South Auckland's district health board is getting a big funding boost from the Government to free up beds at one of New Zealand's busiest hospitals.

Prime Minister Jacinda Ardern announced this afternoon Counties Manukau DHB would receive $211.4 million for upgrades at its second-biggest facility, the Manukau Health Park in Manurewa.

That will let the health park - which includes the Manukau Superclinic and Elective Surgical Centre - take more patients and "decongest Middlemore Hospital", DHB chairman Vui Mark Gosche said.

Ardern said the money would help deliver "more equitable outcomes for South Aucklanders".

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Middlemore is the busiest hospital in Australasia by some measures.

It serves a highly diverse population of more than half a million people, many with complex health needs. Cramped facilities have increasingly seen delays in services as demand exceeds capacity.

For example, in February the Herald reported dozens of women had late diagnoses of breast cancers partly because there was not enough space at the Manukau Health Park.

Most of the funding will go to expanding and upgrading the Manukau Superclinic and Elective Surgery Centre in Manurewa. Photo / Supplied
Most of the funding will go to expanding and upgrading the Manukau Superclinic and Elective Surgery Centre in Manurewa. Photo / Supplied

The DHB now plans to grow the health park so it can separate outpatient and elective services (planned care) from acute services, which are provided at Middlemore.

The money will go toward four new theatres, establishing CT and MRI diagnostics at the health park, and expanding breast and renal services and clinical outpatient spaces like ophthalmology.

The impact of the Covid-19 pandemic and devastating Whakaari/White Island eruption meant a large number of elective surgeries were deferred - a stark reminder of how important it was to free up beds at Middlemore, Gosche said. The DHB had maintained critical services during the pandemic but many surgical cases needed rescheduling.

Counties Manukau DHB chairman Vui Mark Gosche says the extra funding will make an
Counties Manukau DHB chairman Vui Mark Gosche says the extra funding will make an "enormous difference". File photo / Jason Oxenham
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In the past two years there had been around 850,000 outpatient appointments at the DHB, about 90 per cent of them at the health park, Health Minister Dr David Clark said. That was expected to increase another 25 per cent in the next decade.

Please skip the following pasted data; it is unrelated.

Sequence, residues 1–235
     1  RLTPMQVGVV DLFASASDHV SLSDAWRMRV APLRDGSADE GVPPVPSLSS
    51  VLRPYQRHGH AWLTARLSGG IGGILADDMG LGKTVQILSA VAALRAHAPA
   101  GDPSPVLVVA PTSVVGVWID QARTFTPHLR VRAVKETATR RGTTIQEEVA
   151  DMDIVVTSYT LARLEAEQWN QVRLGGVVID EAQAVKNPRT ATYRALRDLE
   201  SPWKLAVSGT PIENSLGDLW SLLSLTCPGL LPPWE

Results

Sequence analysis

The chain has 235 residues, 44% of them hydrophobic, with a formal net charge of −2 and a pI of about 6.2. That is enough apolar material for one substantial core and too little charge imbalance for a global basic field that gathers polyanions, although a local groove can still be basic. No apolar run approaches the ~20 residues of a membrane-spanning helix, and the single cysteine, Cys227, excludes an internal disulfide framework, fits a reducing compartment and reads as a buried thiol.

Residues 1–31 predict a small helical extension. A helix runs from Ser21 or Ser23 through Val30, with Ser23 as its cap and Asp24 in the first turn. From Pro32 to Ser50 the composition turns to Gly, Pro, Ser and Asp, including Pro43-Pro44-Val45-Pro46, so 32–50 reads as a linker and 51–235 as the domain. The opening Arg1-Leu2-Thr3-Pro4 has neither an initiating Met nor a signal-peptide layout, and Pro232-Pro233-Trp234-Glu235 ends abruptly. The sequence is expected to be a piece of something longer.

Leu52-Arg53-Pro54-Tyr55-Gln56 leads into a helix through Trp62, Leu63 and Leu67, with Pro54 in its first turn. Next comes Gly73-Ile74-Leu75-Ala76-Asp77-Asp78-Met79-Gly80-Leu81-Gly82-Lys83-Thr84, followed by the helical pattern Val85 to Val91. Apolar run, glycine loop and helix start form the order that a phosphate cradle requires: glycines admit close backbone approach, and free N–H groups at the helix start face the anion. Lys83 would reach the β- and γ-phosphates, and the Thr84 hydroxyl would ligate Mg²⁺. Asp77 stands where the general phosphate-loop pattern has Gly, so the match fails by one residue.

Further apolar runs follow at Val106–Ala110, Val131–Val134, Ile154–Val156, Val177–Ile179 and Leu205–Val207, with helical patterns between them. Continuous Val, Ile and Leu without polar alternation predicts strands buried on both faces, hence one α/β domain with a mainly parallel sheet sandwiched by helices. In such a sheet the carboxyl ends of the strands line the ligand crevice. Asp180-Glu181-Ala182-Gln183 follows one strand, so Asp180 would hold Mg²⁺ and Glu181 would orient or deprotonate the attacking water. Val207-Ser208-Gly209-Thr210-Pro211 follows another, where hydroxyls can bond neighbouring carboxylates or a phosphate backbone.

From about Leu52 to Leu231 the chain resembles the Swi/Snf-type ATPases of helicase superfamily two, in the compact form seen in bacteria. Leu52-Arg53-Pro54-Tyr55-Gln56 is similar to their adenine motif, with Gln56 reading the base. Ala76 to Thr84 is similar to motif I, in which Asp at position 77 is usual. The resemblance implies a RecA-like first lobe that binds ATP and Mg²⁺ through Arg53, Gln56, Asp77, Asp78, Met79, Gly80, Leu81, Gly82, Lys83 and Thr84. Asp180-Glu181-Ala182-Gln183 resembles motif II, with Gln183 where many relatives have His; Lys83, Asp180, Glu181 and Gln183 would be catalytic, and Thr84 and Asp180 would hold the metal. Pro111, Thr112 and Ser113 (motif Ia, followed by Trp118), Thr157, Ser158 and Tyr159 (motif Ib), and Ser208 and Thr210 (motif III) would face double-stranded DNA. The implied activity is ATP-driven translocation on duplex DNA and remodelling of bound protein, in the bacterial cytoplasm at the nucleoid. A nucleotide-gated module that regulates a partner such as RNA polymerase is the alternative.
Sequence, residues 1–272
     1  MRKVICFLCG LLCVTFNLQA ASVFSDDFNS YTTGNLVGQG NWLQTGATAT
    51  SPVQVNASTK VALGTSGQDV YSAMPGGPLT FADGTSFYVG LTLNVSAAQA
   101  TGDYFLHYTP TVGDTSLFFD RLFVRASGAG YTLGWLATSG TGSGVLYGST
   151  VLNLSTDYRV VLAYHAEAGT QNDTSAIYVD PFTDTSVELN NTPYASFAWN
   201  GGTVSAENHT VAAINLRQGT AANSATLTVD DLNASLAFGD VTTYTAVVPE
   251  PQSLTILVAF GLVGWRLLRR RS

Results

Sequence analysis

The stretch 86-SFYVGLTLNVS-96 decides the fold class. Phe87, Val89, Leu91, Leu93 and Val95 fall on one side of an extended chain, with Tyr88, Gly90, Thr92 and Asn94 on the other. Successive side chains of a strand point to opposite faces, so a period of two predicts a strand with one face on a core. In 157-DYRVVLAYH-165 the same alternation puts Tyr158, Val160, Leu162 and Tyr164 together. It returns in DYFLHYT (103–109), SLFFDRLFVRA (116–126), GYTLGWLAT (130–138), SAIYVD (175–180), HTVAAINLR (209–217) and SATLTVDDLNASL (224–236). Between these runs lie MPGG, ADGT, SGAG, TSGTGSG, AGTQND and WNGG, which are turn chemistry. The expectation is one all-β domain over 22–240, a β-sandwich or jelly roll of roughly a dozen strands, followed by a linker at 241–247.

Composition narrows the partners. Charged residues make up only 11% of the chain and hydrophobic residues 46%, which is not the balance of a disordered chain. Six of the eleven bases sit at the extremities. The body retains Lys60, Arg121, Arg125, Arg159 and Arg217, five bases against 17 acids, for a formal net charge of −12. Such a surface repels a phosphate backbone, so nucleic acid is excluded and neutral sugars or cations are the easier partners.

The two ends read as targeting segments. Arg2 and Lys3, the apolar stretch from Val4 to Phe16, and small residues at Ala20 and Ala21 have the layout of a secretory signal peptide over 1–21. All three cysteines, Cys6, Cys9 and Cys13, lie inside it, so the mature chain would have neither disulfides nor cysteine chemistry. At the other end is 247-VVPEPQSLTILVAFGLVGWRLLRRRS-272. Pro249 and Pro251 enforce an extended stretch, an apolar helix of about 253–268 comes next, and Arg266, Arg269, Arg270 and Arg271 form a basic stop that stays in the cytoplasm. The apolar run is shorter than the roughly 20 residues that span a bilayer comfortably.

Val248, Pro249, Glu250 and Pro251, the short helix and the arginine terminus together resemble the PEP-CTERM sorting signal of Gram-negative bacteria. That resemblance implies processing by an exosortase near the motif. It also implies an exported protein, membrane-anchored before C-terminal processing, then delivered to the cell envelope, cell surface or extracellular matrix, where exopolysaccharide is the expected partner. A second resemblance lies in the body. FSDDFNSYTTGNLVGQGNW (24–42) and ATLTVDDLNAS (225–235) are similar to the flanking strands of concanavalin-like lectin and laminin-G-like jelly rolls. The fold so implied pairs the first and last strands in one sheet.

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Clark acknowledged there were "long-standing problems" with the DHB's facilities and infrastructure and the funding was part of an ongoing programme of upgrade work.

He said another $35m would go to recladding at the Elective Surgical Hospital and McIndoe building at Middlemore, and $20m to cover core infrastructure work at Middlemore.

Middlemore's buildings have been in the spotlight after a report found weathertightness problems including leaks, rot and mould and asbestos issues.

The announcement comes a day after the Government released its stocktake of hospital infrastructure across New Zealand, showing it would cost $14 billion to fix over a decade.

Where the $221m is going

• Increased theatre and outpatient capacity - up to four new theatres and 20 recovery beds, a new sterile services unit, and over 40 new clinical outpatient spaces.

• A new radiology hub including four ultrasound suites, two CT scanners and one MRI scanner. Currently patients go to Middlemore for CT and MRI scans.

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• Fully integrated breast screening service and an expanded renal dialysis hub.

• New plant room/substations, IT, medical gases and parking to support the expansion.

• Extra $35m for recladding DHB buildings and $20m for Middlemore infrastructure.